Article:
Types of Masculinity

What does it mean, to be a man? To be masculine? What does it mean to be a man who is the hero of a romance novel?

Romance readers, including me, often talk about “alpha” or “beta” heroes as two generalized types. The alpha can be seen as a protector and/or a provider (rich in money or at least in skills) as well as a person with a need to dominate a relationship, or at least romantic situations; often the alpha is depicted as physically large and strong and far more attractive than the norm. The beta can be equated with the “nice guy” who might or might not be the most muscular or beautiful man the heroine has ever met.

What needs do those two basic types of heroes meet for readers? Are there possible alternative models of masculinity that could satisfy readers? How do market forces affect what’s available? How do reader expectations affect what sells and what writers write? How do types of romance heroes mirror what society finds normative?

Do the alpha and beta models of masculinity allow for truly equal male/female relationships? And how do those roles intersect with female alpha and beta characters in fiction?

About Victoria Janssen

Victoria Janssen’s first erotic novel, The Duchess, Her Maid, The Groom and Their Lover (Harlequin Spice, December 2008), was translated into French and German. Her second Spice novel, The Moonlight Mistress (December 2009), was translated into Italian and nominated for a RT Reviews Reviewers’ Choice Award. Her third novel is The Duke & The Pirate Queen (December 2010). She has also published erotic short stories as Elspeth Potter. Her blog features professional writing and marketing tips, genre discussion, book reviews, and occasional author interviews.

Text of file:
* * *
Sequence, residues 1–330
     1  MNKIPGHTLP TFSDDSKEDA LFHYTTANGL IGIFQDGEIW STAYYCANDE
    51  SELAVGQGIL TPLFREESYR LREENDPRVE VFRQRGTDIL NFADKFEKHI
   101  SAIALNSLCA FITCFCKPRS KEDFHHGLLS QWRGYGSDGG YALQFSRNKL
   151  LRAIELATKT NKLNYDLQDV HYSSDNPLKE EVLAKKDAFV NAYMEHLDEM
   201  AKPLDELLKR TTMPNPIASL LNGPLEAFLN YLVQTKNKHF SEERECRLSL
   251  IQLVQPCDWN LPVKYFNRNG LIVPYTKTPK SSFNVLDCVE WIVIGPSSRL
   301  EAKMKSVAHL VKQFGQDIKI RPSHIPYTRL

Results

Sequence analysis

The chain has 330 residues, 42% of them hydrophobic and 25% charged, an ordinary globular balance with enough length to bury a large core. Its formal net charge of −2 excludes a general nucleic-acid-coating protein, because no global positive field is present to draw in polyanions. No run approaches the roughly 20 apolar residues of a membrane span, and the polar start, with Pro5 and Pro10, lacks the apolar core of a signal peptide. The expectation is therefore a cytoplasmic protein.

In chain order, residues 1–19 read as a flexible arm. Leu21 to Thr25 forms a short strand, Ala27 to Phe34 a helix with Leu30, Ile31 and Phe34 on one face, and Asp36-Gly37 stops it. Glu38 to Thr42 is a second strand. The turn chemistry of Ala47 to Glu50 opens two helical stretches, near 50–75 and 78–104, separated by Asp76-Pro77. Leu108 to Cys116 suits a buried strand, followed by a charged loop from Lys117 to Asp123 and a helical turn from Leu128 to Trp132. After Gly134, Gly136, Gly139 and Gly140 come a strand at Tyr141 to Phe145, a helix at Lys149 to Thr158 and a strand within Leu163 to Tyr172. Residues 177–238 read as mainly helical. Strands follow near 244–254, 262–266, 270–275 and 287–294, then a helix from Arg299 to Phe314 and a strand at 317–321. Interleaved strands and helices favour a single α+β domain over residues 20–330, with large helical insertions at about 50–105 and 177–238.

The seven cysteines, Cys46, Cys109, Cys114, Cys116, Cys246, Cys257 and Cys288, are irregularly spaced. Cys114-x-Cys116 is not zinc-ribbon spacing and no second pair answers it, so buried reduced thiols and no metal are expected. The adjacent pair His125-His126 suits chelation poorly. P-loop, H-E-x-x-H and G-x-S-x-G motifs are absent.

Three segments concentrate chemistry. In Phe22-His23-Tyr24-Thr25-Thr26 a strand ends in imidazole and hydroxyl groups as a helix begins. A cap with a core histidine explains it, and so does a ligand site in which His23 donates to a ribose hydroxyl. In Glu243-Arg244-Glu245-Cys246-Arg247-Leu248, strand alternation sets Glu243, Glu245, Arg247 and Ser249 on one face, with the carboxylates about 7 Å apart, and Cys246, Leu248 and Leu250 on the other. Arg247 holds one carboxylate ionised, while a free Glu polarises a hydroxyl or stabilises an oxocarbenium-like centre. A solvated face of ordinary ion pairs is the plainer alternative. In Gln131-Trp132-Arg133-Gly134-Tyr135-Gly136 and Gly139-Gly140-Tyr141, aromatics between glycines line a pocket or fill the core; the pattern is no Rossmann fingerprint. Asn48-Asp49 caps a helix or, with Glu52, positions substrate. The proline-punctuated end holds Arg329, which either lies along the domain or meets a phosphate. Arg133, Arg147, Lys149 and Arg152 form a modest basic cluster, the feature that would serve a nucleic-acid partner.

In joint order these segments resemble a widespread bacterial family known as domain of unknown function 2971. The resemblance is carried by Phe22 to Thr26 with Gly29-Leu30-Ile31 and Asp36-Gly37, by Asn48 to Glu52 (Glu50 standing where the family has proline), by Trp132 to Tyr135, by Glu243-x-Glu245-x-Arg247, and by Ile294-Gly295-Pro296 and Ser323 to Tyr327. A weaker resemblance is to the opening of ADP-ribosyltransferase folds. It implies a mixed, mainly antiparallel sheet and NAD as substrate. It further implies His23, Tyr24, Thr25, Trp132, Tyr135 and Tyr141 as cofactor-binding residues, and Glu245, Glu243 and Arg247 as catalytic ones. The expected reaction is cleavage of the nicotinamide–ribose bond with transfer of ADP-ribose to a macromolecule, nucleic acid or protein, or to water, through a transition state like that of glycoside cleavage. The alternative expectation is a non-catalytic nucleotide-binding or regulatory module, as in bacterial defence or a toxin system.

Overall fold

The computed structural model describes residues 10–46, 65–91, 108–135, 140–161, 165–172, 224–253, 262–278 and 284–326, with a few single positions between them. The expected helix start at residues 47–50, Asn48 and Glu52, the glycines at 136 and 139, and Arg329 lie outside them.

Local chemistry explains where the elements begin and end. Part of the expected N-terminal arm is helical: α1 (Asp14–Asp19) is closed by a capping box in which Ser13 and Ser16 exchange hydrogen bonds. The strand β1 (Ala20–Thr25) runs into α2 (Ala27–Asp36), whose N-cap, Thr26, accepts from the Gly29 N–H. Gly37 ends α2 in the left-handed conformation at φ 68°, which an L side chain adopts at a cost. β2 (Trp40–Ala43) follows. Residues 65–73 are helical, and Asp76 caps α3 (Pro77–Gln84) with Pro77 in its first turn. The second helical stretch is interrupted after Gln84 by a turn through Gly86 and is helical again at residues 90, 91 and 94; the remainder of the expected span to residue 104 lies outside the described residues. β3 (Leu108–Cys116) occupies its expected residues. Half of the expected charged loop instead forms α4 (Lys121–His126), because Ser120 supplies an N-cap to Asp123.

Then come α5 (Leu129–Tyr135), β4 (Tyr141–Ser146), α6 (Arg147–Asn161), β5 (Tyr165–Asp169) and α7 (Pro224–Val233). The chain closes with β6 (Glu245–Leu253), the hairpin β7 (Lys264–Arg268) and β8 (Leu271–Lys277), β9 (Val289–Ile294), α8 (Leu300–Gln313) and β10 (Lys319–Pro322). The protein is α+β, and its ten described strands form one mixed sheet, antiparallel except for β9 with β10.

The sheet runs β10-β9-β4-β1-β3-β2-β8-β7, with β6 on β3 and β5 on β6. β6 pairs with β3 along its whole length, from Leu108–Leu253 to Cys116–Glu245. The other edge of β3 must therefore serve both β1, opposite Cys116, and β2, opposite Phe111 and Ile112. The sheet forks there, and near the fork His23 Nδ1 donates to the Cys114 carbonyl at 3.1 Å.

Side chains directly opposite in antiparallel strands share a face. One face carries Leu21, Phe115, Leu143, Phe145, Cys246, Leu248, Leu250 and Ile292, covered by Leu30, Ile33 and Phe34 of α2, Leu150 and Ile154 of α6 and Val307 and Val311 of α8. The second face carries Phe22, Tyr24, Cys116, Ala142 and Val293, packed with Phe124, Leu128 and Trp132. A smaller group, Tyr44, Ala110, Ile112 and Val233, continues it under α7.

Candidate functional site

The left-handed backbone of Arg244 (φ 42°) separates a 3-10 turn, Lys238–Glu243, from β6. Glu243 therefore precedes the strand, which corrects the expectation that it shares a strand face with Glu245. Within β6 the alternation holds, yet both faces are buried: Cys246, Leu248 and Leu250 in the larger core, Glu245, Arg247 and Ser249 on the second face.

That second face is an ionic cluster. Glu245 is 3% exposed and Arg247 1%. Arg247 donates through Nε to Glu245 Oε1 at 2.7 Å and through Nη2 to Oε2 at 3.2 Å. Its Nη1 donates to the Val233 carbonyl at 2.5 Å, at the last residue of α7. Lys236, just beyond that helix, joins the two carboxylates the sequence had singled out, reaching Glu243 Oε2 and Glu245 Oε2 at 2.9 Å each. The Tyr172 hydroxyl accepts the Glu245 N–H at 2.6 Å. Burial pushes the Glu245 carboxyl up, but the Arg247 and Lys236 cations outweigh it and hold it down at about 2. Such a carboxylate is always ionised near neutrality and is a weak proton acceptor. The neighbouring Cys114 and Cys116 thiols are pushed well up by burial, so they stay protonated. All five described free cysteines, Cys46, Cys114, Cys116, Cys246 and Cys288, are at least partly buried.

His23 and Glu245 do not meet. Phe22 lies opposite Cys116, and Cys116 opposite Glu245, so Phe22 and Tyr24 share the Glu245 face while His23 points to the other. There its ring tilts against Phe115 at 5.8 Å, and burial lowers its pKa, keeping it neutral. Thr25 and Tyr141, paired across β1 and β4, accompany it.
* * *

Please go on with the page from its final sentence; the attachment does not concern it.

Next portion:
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2 Responses to Types of Masculinity

  1. Cara Bristol says:

    Reams could be written about this topic! On a basic level, I think it is hard-wired in women to be attracted to alpha males. It's the caveman thing…a woman wanting a strong male to father strong children and to protect her as she's raising those children. That said, our frontal lobes/education/culture do play a role in overruling or modifying that instinct.

    But I think that instinct continues to be expressed in romance novels. A romance is a fantasy, a fairytale and as long as you're fantasizing, why not fantasize about the most macho guy? When you fantasize about winning the lottery, do you think about winning a few thousand or do you hope for megabucks?

    The other thing is that I don't think that alpha males are unable to have equal relationships with women. Whether a woman has an equal relationship depends on her and what she's willing to accept. Either she chooses men who treat her as an equals or she doesn't. Alpha doesn't necessarily mean chauvanistic and there are a lot of passive aggressive Betas that are closet chauvanists.

    Lots to think about…

  2. Victoria Janssen says:

    So much to think about that I couldn't produce a coherent blog post on my ideas….

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